I really like the idea of the respect line that the English Football Association has recommended clubs use to keep parents and supporters at bay during youth matches. It is a line that gives parents a clear and visual guide as to where they should be standing when a match is being played. MORE
Give your players a voice!
Sometimes my young players make more sense than I do – and that makes me well aware that I shouldn’t always put a tactical side of the argument as a rule that cannot be broken, so I try not to.
This week I’ve been coaching positional sense to young players – not for very long though as it can be a lot for young players to take in and understand.
All players are different, some can be taught from an early age but some cannot. However, players need to be given the chance to learn it so they can develop their soccer brain.
Working with the Under 10s I was going through some moves that a central defender can make when we are winning 2-1 with five minutes remaining. Note that I constantly rotate my players at this age but already they have begun to think about the position they will play each week.
One of my team wants to be a central defender. And he is good at it but because he has played in every position he gets carried away sometimes when he has the ball and charges up the pitch in search of glory! Nothing wrong in that, but sometimes he loses the ball and leaves his defensive position open to being exploited, which has cost us goals, especially late on in matches.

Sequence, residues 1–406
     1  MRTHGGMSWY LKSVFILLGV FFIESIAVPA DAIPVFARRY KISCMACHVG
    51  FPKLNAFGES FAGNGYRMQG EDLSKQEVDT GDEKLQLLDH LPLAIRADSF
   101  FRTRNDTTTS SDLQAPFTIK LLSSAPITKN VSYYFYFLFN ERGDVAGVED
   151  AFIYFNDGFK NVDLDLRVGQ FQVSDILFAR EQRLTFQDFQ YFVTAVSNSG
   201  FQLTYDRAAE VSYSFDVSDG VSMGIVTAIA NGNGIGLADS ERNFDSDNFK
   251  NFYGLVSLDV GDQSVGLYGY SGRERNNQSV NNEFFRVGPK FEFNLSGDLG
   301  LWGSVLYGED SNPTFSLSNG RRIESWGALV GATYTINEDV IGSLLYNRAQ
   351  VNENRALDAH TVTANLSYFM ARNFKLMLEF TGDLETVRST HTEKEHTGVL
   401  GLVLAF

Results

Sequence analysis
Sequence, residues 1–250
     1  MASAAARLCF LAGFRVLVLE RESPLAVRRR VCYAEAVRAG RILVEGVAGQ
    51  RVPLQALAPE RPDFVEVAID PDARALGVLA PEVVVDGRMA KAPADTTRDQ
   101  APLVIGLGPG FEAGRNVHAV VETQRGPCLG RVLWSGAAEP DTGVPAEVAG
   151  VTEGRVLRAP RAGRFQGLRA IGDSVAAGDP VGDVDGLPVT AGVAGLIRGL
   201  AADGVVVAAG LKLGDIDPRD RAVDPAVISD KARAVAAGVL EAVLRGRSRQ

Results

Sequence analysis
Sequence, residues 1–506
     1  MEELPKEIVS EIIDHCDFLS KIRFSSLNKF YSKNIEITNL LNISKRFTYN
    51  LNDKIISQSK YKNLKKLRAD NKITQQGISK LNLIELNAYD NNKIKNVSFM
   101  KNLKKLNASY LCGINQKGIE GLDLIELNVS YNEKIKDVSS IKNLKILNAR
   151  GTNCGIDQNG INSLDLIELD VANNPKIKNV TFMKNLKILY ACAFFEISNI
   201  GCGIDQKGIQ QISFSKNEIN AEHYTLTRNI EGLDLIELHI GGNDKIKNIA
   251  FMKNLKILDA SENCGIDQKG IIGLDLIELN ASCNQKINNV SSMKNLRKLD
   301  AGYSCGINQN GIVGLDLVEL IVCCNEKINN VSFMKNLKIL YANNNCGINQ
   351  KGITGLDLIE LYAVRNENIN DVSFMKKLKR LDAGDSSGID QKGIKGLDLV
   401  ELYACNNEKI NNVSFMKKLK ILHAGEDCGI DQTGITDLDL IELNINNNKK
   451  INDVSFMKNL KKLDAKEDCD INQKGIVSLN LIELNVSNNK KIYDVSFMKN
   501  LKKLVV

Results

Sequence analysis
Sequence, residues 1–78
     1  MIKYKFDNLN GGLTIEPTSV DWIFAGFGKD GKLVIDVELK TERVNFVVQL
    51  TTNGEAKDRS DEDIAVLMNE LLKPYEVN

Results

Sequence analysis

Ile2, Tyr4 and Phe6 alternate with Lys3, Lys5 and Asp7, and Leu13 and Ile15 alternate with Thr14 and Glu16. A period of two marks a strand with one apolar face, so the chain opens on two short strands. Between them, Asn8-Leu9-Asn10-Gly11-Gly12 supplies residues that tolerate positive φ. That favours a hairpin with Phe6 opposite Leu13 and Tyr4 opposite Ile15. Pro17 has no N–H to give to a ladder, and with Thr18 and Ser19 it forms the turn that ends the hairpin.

One match this season we were winning 2-1 with five minutes to go. My defender decided to go on one of his runs and he lost the ball and suddenly it was 2-2 and the game was a different one. Don’t get me wrong, I like him going on runs, it helps him develop as a player, but he needs to think about when to do it.
In this situation, coaches can do one of two things – constantly shout at him about his position during the match or talk to him about the situation and what the team needed him to do the most. As a coach, I am not going to shout at him during the game. I am going to try and coach him into making the right decision when to run forwards and when to pass or stay back.
What I have done is talk to him about how far he takes the ball before a pass or a shot. These actions give him time to get back to his position should his team lose the ball. He must also think about timing during the game – if we are winning 2-1 with a few minutes left, should he go on a run or should he give that responsibility to the midfield?
He happily listens and comes back with his own logic – “if we are winning 2-1 and I run up the pitch and make it 3-1 is that not a better way to make sure we win the game?”
He is right of course and what can I say to that kind of positivity? Carry on playing!